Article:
DE-Taxes Announces The Truth About Military Income Exclusions
Compensation for active service while in a combat zone isn’t included in gross income. The exclusion for a commissioned officer – other than a commissioned warrant officer – is limited.
Wilmington, DE (PRWEB) November 20, 2012
If you receive tax-free combat pay, you can include it as earned income:
When determining the Earned Income Credit (EIC)
- When determining the additional child tax credit
- For purposes of making an IRA contribution
- Other Excludable Income
Even if you received the income as a reimbursement or an allowance, you don’t include this income in your gross income:
- Basic Allowance for Housing — However, you can deduct mortgage interest and real-estate taxes on your home even if you pay these expenses with your basic allowance for housing.
- Basic allowance for subsistence
- Housing and cost-of-living allowances abroad, whether paid by the U.S. government or by a foreign government
- Overseas Housing Allowance
- Certain educational expenses for dependents
- Evacuation to a place of safety
- Burial services
- Death gratuity payments to eligible survivors
- Travel of dependents to burial site
- Moving Allowances
- Move-in housing
- Moving household and personal items
- Moving trailers or mobile homes
- Temporary lodging and temporary lodging expenses
- Military base realignment and closure benefit
For the military base realignment and closure benefit, the excludable amount can´t be more than this equation:
95% of the fair market value of the property for which the payments were made (before public announcement of intent to close all or part of the military base or installation) – Property´s fair market value (at the time of sale) = Maximum military base realignment and closure benefit exclusion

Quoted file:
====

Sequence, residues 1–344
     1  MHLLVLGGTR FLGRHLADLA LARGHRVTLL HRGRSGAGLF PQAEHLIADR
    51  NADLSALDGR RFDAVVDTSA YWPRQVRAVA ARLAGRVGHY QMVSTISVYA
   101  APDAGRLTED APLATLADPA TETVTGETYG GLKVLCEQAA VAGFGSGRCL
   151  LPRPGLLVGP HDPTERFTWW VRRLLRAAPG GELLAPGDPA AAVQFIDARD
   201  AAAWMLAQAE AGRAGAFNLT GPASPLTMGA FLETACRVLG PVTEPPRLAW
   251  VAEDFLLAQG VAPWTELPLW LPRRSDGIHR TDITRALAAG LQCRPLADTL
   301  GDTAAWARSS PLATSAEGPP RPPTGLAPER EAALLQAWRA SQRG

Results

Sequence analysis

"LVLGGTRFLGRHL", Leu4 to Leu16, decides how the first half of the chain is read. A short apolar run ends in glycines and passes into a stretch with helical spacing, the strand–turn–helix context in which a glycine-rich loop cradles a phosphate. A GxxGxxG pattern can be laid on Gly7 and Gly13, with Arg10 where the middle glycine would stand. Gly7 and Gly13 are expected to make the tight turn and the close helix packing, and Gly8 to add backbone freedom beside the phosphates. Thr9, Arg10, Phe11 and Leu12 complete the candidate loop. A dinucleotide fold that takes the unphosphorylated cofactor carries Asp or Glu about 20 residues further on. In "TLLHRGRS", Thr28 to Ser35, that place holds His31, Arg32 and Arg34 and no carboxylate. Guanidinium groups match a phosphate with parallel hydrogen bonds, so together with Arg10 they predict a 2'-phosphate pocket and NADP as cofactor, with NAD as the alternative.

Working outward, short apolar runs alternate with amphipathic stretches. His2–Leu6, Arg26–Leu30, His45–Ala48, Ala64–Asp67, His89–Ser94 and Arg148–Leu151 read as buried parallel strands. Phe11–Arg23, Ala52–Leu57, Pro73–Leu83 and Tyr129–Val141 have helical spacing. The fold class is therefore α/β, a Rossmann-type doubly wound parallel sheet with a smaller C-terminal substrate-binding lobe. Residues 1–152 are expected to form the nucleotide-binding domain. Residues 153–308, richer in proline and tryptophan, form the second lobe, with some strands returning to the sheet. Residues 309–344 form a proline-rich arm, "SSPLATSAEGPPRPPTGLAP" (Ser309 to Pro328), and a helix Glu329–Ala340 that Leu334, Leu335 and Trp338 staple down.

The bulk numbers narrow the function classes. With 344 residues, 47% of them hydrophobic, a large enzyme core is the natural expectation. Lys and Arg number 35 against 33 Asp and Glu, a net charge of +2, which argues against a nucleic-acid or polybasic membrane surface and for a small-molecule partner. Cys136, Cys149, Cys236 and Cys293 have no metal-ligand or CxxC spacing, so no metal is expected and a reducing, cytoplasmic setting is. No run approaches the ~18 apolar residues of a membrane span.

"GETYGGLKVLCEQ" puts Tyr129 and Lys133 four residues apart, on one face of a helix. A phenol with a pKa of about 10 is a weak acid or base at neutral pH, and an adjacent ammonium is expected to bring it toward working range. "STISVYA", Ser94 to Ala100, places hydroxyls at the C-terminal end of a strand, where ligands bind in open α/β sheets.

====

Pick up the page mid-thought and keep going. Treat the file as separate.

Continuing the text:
The Department of Defense determines:
- 95% of the fair market value of the property for which the payments were made – before the public announcement of intent to close all or part of the military base or installation
- Property´s fair market value at the time of sale
- Annual round trip for dependent students
- Leave between consecutive overseas tours
- Reassignment in a dependent-restricted status
- Transportation for you or your dependents during ship overhaul or inactivation
- You can deduct your travel expenses as an adjustment to income on Form 1040 rather than as a miscellaneous itemized deduction if both of these apply:
- You´re a member of the reserves.
- You travel more than 100 miles away from home in connection with your duties.
- Defense counseling
- Disability, including payments received for injuries incurred as a direct result of a terrorist or military action
- Group-term life insurance
- Professional education
- ROTC educational and subsistence allowances
- Survivor and retirement-protection plan premiums
- Uniform allowances
- Uniforms furnished to enlisted personnel
In-kind Military Benefits
- Dependent-care assistance
- Legal assistance
- Space-available travel on government aircraft
- Medical and dental care
- Commissary and exchange discounts
You can’t exclude the value of personal use of a government-provided vehicle.
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